September 2015

Two in three patients with diabetic foot osteomyelitis heal with nonsurgical care

In the moment: Diabetes

By Emily Delzell

Nearly two thirds of patients with diabetic foot osteomyelitis heal with medical management alone, with patients with metatarsal site infection most likely to require amputation, according to research from the UK.

Investigators from Norfolk and Norwich University Hospitals NHS Foundation Trust retrospectively evaluated 85 patients with diabetic foot osteomyelitis who were treated initially with standard nonsurgical care. Nearly two thirds (63.5%) reached remission, defined as no clinical or radiological signs of osteomyelitis at initial or adjacent sites during the follow-up period of one year after ending antibiotic therapy. The median duration of antibiotic therapy was 10.8 weeks.

Patients with osteomyelitis affecting the metatarsals were significantly more likely to undergo amputation than those with infection at other sites. Those with absent pedal pulses in the affected foot required a longer duration of antibiotics (8.7 versus 15.9 weeks), but weren’t more likely to need amputation. The authors concluded the slower healing in the latter group warrants prolonged conservative medical management before considering amputation.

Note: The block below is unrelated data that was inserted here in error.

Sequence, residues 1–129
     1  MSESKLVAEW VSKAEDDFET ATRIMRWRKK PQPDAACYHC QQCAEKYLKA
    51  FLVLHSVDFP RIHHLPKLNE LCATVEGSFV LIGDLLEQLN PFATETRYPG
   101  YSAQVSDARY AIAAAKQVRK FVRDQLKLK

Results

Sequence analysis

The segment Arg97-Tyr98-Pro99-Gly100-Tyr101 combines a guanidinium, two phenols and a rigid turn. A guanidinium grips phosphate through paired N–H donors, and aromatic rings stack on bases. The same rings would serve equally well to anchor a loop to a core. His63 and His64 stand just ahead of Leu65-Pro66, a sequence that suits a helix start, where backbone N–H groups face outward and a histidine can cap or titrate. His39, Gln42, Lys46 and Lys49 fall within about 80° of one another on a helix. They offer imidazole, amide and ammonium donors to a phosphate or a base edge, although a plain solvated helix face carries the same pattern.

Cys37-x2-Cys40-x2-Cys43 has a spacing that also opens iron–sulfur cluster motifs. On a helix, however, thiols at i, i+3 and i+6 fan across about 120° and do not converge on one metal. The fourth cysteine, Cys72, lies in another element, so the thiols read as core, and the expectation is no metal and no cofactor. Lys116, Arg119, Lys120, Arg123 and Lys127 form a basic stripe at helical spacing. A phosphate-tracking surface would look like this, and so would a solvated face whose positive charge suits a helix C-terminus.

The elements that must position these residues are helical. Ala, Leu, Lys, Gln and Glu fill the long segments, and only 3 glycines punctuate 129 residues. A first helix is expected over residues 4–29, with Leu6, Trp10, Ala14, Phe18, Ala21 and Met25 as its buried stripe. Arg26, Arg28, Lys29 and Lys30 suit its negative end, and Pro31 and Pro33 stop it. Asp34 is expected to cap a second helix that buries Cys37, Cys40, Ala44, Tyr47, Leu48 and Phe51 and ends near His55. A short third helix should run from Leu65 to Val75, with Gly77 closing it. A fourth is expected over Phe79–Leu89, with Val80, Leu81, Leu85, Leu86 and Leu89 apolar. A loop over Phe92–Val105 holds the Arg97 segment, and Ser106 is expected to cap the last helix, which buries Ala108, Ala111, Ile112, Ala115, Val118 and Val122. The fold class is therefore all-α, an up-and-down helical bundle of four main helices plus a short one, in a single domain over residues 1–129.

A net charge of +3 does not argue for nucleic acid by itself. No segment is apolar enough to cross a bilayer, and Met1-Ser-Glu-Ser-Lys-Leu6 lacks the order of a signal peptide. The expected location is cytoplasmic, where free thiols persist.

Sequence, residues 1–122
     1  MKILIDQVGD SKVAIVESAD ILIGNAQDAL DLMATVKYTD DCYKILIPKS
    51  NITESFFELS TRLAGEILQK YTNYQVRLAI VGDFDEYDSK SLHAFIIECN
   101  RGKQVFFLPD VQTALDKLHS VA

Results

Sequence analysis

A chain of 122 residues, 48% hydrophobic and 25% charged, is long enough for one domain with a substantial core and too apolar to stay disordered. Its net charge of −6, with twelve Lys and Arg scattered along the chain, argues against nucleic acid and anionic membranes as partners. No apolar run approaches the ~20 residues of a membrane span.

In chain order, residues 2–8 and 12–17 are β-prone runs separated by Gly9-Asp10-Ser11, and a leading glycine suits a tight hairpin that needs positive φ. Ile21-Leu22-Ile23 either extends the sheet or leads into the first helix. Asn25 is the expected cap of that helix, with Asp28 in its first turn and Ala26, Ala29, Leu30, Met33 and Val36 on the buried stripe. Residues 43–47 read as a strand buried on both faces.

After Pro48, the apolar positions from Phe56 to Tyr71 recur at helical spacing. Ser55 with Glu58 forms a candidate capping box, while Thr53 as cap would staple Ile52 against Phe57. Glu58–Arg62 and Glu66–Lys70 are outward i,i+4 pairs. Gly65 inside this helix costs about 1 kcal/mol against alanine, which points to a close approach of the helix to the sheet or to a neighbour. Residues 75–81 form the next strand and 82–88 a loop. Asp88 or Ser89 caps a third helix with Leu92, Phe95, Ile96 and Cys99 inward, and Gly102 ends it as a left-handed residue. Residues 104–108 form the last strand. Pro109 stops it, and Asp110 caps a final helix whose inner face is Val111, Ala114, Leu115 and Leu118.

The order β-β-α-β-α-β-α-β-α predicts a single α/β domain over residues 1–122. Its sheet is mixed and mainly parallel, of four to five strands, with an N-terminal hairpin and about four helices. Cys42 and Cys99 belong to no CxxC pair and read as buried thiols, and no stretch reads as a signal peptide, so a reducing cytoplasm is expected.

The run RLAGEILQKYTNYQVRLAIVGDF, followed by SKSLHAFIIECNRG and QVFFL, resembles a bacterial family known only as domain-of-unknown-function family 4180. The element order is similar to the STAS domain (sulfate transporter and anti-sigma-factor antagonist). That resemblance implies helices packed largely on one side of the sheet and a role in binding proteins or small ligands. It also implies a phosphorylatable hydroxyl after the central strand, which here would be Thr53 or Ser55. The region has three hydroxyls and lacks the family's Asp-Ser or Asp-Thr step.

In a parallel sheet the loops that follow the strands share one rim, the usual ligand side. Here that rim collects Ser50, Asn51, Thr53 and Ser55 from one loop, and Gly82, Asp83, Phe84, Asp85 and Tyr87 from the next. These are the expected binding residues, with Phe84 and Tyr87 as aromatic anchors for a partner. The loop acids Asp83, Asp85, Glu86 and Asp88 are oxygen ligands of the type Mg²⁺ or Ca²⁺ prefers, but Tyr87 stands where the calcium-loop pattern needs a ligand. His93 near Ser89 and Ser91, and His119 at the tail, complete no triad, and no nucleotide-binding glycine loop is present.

The International Journal of Lower Extremity Wounds epublished the results on August 27.


Zeun P, Gooday C, Nunney I, Dhatariya K. Predictors of outcomes in diabetic foot osteomyelitis treated initially with conservative (nonsurgical) medical management: a retrospective study. Int J Low Extrem Wounds 2015 Aug 27. [Epub ahead of print] 

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